It is very inconsiderate of people to interrupt the pastor before he preachers. They have a lot on their minds and should not have to add your problem to the list. It is best to make an appointment to see the pastor at an appropriate time when he will be able to give you his full attention.

The same consideration exists at the end of the service when others stand in line to shake the preacher's hand. That is not the time to discuss a personal problem, complain about something that's going on in the church, or to tell him how you would have preached the sermon differently. Those things can be addressed at another time. Don't hold a conversation at all.

Let your greeting be brief. Simply greet the pastor, shake his hand and move on so the next person can do the same.

Basic Rules of Church Etiquette

The above are just some of the basic rules of church etiquette. Of course, there are others that are not addressed in this article. Feel free to list anything in the comments section below that you want to add.


Margaret Minnicks (author) from Richmond, VA on October 22, 2019:

Thanks, Tim, for reading and sharing your thoughts on this subject. Several other people on HubPages have also written about this popular topic.

Tim Truzy from U.S.A. on October 22, 2019:

Interesting article, Margaret. I agree with almost everything you wrote. One thing that's important is that some people may have only a few certain clothing; they may not be able to appropriately dress for church. This is where the pastoral team must be willing to assist with "kindness." I also want to point out as Christians we should not turn "ettiquete" into code for "ritual." Many churches do this and loose people who could benefit from attending Also, this aspect of church life drives individuals away from services. The leadership team must be aware the needs of the congregation may alter over time and be willing to adjust to what is perceived as appropriate. After all, Jesus Christ did not have the same situation every time He taught. Flexibility is as crucial as having acceptable norms.

Margaret Minnicks (author) from Richmond, VA on October 22, 2019:

Jason, several people have addressed this topic on HubPages. Go ahead and jump on the bandwagon and share additional thoughts in an article of your own. I look forward to reading it!

Jason Reid Capp from Myrtle Beach, SC USA on October 22, 2019:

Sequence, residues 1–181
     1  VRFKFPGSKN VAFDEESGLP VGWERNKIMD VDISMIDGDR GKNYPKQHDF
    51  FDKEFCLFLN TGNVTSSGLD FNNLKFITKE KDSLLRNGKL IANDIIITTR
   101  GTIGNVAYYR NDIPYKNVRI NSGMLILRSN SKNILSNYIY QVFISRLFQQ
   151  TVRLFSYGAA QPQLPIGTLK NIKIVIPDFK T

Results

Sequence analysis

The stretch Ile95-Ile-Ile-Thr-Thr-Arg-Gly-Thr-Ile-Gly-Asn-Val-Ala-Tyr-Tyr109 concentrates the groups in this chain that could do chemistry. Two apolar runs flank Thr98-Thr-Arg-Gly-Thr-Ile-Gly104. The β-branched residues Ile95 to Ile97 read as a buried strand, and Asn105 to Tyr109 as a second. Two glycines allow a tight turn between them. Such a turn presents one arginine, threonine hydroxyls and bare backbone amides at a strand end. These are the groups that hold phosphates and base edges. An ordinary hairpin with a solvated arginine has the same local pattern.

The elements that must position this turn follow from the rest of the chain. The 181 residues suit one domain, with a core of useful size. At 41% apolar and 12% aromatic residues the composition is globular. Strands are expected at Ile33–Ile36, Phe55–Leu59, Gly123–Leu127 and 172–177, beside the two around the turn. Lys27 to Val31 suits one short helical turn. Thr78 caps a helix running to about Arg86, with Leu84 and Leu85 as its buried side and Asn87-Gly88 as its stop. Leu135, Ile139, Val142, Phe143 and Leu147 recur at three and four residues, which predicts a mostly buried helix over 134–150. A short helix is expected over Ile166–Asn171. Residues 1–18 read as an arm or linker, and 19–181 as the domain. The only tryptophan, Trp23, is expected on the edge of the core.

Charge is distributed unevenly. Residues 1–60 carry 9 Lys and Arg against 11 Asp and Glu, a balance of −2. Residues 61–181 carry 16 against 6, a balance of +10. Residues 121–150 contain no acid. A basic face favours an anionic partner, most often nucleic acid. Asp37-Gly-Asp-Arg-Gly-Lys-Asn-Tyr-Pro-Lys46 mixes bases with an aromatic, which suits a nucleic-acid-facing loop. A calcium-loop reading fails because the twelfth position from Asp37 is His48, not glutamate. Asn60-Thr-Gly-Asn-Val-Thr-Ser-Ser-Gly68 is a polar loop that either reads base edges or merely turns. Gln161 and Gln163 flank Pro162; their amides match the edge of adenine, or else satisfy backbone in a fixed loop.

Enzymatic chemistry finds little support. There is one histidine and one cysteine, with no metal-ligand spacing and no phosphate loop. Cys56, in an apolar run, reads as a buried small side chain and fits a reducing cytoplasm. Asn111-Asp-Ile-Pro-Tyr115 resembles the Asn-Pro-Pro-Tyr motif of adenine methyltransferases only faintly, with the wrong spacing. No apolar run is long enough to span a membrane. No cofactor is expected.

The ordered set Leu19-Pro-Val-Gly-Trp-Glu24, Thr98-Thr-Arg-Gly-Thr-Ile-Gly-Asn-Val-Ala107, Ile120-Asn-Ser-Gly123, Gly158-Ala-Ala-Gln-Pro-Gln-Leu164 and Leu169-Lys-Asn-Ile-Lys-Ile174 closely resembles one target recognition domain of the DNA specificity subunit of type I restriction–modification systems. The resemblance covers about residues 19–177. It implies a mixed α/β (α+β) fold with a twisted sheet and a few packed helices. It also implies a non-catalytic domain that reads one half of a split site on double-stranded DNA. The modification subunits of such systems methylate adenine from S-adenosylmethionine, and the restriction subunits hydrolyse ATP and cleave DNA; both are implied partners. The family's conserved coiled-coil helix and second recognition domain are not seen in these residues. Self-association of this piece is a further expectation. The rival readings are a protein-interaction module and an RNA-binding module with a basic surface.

Another great article, Margaret, but honestly, I am more interested in why these customs are considered to be etiquette in the church. Frankly, none of these applied for hundreds and hundreds of years before Christianity started moving gradually to the west. Once western culture started to settle, Christianity became a fairly differently religion in many ways, and the church of today is wildly different than the one we read about in the New Testament.

For me, the one that always made me scratch my head is "Wear Appropriate Apparel". In the modern sense, this usually means dressing up (suits, Sunday clothes, dresses, fancy hats, matching bags, etc), but in Jesus' day, most people wore everyday clothes, which were casual clothes worn in all situations. Commoners throughout church history would basically wear similar clothes, but some time around the era of King James (1600AD) clothes and accessories started to become more of a higher standard and an eventual expectation in the church.

Now that I am writing this, I might just write a Hub on it. haha. Thank you again, Margaret!

Cheryl E Preston from Roanoke on October 20, 2019:

Everything you mentioned is proper etiquette but sadly many don’t care anymore.

Margaret Minnicks (author) from Richmond, VA on October 20, 2019:

Lori, I saw your article, and we covered some of the same issues in different ways. Several other people on HubPages have also addressed the subject. As you said, people need to know about proper church etiquette. There are people like us who can spread the message. Thanks for reading and commenting!

Lori Colbo from United States on October 20, 2019:

Interesting. I wrote an article by the same name several months ago. We covered the same topics. It appears people need to hear this message more than once. If only people would heed these decent behaviors.

Margaret Minnicks (author) from Richmond, VA on October 20, 2019:

MsDora, you and I are on the same page when it comes to reasonable expectations concerning church etiquette. Many other articles have been written about this topic. Hopefully, we will eventually see some changes.

Dora Weithers from The Caribbean on October 20, 2019:

Rev, these are all reasonable expectations. I strongly detest speaking during the sermon and monopolizing the pastor. Wish we could all abide by these rules of church etiquette. Thanks for highlighting them.